Until recently, I thought donations to charities should be made anonymously, that I should hide my giving, not let the left hand know what the right hand is doing. I thought that I should not announce or ‘advertise’ my giving, that this was ego-based, self-serving, less than altruistic. Even donation plaques in auditoriums bothered me: “This seat was donated by William A. & Susan R. Jones.” But I’ve changed my view on this. Continue reading
“Those of us who care at all may send a donation to one of the agencies trying to help: ten dollars, or fifty dollars, or perhaps even a hundred dollars. Any more would be a rare act of generosity by the standards of our society. Yet those of us fortunate enough to live in Western Europe, North America, Australia, or Japan regularly spend as much or more on holidays, new clothes, or presents for our children. If we cared about the lives and welfare of strangers in Africa as we do about our own welfare and that of our children, would we spend money on these nonessential items for ourselves instead of using it to save lives? Of course, we have lots of excuses for not sending money to Africa: we say that our contribution could only be a drop in the ocean, or that the agencies waste the money they receive, or that food handouts are no good—
My contribution cannot end a famine, but it can save the lives of several people who might otherwise starve.
what is needed is development, or a social revolution, or population control. In our more honest moments, though, we recognize that these are excuses. Continue reading
When it comes to creating wealth and thereby improving people’s material conditions, capitalism is without doubt effective, but capitalism is clearly inadequate as any kind of social ideal, since it is only motivated by profit, without any ethical principle guiding it.
One of the most significant truths brought to light by the present political crisis in the US is the overwhelming depth and pervasiveness of greed in our society. The propensity to spend and accumulate is so imbedded in the fabric of our nation that it has become nearly invisible to us; it pervades every dimension of our lives; it is the way we live. With a kind of breezy nonchalance, we spend ‘our’ money with little, if any, regard for the extreme suffering of others. Continue reading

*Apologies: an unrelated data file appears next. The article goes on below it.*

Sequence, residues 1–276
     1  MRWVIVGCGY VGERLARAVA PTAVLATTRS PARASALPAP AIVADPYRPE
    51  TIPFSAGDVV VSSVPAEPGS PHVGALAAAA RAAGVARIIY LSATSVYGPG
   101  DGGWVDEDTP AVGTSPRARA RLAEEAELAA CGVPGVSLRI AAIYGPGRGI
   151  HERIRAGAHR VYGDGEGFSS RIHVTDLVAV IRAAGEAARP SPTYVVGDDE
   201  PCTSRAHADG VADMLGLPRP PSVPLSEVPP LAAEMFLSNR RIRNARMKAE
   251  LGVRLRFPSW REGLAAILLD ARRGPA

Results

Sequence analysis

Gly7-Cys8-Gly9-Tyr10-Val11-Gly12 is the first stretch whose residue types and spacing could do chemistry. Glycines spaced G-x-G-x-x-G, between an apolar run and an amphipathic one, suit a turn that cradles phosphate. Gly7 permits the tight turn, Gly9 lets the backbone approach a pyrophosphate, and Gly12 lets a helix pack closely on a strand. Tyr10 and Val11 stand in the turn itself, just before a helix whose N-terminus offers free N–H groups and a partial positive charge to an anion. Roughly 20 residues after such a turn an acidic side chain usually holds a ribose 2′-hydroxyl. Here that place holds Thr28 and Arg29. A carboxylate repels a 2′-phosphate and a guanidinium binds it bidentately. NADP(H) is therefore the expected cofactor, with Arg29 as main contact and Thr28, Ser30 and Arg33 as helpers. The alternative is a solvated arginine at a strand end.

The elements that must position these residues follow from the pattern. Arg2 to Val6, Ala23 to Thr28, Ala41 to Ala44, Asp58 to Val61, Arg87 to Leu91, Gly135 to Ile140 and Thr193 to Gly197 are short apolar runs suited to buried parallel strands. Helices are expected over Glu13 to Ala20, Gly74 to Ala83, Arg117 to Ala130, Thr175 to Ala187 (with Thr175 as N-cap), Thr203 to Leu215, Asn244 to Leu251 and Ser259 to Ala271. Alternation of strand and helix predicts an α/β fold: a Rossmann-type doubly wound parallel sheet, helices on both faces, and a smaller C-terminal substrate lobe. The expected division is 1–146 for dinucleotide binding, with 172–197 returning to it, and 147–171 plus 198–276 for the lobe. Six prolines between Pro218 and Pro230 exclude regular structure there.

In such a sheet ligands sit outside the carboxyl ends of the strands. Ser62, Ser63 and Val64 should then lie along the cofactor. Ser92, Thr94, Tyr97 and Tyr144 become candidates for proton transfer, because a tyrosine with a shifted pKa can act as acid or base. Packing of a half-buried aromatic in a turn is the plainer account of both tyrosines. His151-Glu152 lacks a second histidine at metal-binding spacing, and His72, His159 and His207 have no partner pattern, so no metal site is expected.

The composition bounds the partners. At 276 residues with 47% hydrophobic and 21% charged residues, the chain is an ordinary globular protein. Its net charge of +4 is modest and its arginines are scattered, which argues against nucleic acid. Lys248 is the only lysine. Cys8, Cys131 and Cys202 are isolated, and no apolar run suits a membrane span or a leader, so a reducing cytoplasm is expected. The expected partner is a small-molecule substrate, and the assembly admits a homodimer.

EXTREME POVERTY IS ONE of the most important factors contributing to disease and death in the developing world. Yet, the causes of poverty are difficult to understand, and even more difficult to combat. As with Effective Altruism, anti-poverty programs and policies must be guided by accurate, specific, and robust data. For many countries, the available data is weak, non-existent, one-dimensional, or sorely outdated. We could say they are subject to ‘data deprivation.’ And ‘data deprivation’ means that people’s lives are not seen and their voices are not heard.
We believe collecting data is giving voice to the poor.
In a later post, I will take up the issue of how poverty is measured, but for now, I offer this brief, perky video presentation (5 min.) by two affable World Bank economists discussing “77 Reasons We Need Poverty Data.”
(Suggested Meditation Time: 20 minutes)
“If a single 747 crashed, it would be on the nightly news. Scenes of rescuers looking through the wreckage and doctors treating any survivors would fill our living rooms and it would – rightly – be seen as a moral emergency. Yet the much larger moral emergency of forty 747s worth of children dying each day from easily preventable diseases is left unreported – even though tomorrow’s deaths are not predetermined, even though it is part of a much more interesting and challenging story about who is responsible and how they should be brought to account. It is old news. It is an everyday emergency.” – Toby Ord, from “Global Poverty and the demands of morality” in God, The Good, and Utilitarianism: Perspectives on Peter Singer, Cambridge University Press, 2016.